Shares up 2 percent
Taiwanese shares closed up 2 percent yesterday on a Wall Street rally overnight and brightening prospects for investment ties with China, dealers said.
The TAIEX index rose 145.37 points to 7,429.98 on turnover of NT$101.75 billion (US$3.14 billion). Gainers outnumbered losers 1,697 to 745, while 191 shares remained unchanged.
The market was boosted by big caps focusing on flat panels and semiconductors after Taipei said it could ease controls on high-tech investments in China by local companies while allowing further Chinese investments in Taiwan.
“The remarks certainly boosted investor confidence,” Capital Securities (群益證券) analyst Chen Yu-yu (陳育娛) said. The market, however, could cap at 7,500, Chen said.
PRC-bound exports recovering
The Bureau of Foreign Trade said Taiwan’s China-bound exports would recover next month and the rest of the year. Export orders from China started to return to positive territory in July, bureau director-general Huang Chih-peng (黃志鵬) told a media briefing.
Huang said the ministry intends to spend 25 percent of the annual trade promotion fund, from the current 15 percent, on sponsoring trade shows and other activities to help raise name recognition of Taiwan makers in China.
Huang said the promotion campaigns will target second-tier cities like Nanjing and Wuhan. The image improvement program can also help boost competitiveness of domestic products after Taiwan and China sign an economic cooperation framework agreement, he said.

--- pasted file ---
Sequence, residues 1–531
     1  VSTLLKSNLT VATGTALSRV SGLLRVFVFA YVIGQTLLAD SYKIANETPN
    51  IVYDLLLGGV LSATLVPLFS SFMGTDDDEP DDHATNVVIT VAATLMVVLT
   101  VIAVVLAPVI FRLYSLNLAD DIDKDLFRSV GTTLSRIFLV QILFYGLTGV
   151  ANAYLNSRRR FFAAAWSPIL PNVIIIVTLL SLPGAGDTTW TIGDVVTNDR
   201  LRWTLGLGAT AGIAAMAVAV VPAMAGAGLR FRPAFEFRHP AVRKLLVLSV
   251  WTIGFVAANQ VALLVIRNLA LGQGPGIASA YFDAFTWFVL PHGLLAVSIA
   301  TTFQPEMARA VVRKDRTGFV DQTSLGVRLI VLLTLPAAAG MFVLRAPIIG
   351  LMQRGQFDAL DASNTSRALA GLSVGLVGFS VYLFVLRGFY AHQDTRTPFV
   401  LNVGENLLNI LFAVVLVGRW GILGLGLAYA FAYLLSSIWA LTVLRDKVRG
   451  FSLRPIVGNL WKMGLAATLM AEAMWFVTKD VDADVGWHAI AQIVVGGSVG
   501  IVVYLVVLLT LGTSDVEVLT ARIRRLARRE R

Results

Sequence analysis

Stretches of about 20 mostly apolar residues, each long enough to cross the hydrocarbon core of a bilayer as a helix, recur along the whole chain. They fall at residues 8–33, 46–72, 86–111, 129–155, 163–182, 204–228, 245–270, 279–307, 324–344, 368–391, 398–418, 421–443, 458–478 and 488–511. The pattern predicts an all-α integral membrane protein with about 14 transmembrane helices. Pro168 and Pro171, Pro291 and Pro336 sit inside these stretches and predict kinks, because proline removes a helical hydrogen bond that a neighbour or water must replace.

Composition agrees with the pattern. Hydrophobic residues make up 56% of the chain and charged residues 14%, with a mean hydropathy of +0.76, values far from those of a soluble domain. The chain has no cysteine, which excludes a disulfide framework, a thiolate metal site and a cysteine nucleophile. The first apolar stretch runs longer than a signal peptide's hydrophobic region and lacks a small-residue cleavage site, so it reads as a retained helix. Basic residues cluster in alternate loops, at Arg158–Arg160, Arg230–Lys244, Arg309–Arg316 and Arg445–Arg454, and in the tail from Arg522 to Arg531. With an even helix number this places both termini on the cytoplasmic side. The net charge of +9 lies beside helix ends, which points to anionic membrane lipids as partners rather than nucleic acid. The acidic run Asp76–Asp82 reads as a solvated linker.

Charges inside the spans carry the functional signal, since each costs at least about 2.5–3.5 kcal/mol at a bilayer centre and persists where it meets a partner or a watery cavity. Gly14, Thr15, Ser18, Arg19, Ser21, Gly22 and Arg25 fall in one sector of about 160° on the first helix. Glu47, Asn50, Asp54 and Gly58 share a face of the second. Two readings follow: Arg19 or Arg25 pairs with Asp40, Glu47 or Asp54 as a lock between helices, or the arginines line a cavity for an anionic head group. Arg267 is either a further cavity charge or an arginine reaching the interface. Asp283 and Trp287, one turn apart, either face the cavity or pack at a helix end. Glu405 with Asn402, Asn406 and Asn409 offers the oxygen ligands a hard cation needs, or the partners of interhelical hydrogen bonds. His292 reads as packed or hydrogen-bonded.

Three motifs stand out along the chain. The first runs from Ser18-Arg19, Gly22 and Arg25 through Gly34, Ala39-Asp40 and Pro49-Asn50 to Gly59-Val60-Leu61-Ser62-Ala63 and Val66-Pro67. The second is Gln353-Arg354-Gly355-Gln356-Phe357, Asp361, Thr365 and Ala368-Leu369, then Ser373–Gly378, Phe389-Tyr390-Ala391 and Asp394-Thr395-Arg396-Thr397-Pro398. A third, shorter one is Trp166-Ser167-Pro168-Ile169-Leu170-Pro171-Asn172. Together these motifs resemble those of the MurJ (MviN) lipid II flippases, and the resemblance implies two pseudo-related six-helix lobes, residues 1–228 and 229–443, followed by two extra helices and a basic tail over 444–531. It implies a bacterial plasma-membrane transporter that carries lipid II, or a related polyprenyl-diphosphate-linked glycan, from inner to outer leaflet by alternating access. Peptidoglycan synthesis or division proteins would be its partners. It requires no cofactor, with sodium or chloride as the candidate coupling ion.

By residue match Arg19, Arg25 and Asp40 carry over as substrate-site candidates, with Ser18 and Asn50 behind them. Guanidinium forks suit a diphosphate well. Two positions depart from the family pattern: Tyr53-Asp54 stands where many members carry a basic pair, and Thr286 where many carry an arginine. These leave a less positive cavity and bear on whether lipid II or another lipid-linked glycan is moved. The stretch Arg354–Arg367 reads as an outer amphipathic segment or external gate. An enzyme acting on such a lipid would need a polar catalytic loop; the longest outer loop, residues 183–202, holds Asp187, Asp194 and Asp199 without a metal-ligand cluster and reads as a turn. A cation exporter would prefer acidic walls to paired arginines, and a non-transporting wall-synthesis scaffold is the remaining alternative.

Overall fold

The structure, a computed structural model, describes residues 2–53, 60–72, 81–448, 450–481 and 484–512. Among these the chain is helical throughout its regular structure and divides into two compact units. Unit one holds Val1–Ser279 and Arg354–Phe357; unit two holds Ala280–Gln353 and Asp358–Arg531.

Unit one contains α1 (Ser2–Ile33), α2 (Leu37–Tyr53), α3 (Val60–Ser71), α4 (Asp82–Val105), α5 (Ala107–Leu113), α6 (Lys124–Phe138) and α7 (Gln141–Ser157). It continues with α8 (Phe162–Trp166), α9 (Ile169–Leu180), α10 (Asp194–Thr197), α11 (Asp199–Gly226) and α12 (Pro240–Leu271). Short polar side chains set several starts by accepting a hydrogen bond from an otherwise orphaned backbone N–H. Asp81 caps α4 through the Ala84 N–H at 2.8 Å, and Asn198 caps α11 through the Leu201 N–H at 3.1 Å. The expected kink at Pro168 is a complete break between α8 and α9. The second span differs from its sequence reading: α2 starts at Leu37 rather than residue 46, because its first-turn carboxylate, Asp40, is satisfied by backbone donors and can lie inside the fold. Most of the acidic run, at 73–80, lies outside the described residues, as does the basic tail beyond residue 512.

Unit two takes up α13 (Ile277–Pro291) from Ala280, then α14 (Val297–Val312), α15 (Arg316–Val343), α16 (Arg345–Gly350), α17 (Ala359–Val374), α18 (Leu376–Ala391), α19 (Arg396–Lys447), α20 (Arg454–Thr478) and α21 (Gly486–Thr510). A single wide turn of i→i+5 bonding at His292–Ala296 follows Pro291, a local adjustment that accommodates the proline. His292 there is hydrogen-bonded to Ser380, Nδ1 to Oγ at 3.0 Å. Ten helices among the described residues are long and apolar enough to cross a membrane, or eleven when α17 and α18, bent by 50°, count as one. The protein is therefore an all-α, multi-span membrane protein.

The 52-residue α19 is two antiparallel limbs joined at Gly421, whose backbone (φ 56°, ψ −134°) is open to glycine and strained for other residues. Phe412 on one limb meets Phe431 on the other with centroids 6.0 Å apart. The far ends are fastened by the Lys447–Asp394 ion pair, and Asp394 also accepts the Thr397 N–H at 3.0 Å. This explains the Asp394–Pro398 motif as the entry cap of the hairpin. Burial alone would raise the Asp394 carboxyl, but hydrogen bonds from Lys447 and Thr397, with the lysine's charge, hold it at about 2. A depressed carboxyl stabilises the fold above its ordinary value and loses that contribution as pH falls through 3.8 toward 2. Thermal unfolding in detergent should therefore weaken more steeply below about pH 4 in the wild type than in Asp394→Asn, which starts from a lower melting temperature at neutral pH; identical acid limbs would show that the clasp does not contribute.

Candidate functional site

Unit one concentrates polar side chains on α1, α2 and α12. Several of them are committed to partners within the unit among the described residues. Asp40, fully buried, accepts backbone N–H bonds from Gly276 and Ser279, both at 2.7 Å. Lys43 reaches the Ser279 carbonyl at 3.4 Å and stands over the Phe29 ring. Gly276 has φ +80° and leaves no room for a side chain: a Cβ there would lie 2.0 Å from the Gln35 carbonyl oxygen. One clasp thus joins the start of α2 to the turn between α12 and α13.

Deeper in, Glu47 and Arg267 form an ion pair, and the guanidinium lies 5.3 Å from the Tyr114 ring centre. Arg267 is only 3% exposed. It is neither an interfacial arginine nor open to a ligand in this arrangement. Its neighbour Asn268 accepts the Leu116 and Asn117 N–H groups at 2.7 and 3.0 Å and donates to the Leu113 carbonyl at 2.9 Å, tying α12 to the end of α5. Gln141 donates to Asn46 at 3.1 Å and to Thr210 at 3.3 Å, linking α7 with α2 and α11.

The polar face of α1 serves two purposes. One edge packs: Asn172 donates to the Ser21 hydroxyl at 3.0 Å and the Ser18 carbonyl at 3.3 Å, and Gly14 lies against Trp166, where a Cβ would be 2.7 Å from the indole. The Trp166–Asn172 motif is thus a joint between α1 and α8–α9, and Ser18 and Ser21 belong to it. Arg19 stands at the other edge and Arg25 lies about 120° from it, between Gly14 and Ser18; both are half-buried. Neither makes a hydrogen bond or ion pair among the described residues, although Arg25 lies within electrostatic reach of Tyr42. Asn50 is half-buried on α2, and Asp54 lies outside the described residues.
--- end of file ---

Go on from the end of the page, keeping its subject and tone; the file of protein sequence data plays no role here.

AUO sells UMC shares
AU Optronics Corp (AUO, 友達光電), Taiwan’s largest maker of liquid-crystal displays, sold 22 million shares of United Microelectronics Corp (UMC, 聯電), the world’s second-largest custom-chip maker, for NT$346 million, the Hsinchu-based company said in an exchange filing yesterday.
AU Optronics sold the shares at an average price of NT$15.72 and made a profit of NT$113.8 million, the statement said.
Fubon cancels capital plan
Fubon Financial Holding Co (富邦金控) will cancel a capital enhancement plan because of changes in market conditions and the company’s finance plans, the company said in a stock exchange filing yesterday.
Last month, Fubon announced it would issue Global Depositary Receipts to increase its working capital and strengthen its finances. The company had planned to raise up to US$900 million through the issuance of new shares.
ChiNext firms attract huge bids
Ten companies scheduled to list on the ChiNext, China’s soon-to-be-launched NASDAQ-style board, said yesterday they attracted a combined 784.1 billion yuan (US$115 billion) in bids for subscriptions.
Demand for the initial public offerings’ retail tranche was high with shares in the firms, which range from software to medical equipment makers, oversubscribed by 82 to 258 times, filings to the Shenzhen Stock Exchange said.
The institutional tranche of the initial public offerings (IPO) the firms were oversubscribed by 35 to 117 times, the statements said.
The companies, which took subscriptions from retail and institutional investors on Friday, will raise a total of 6.68 billion yuan from the IPOs — more than double the 3.16 billion initially sought.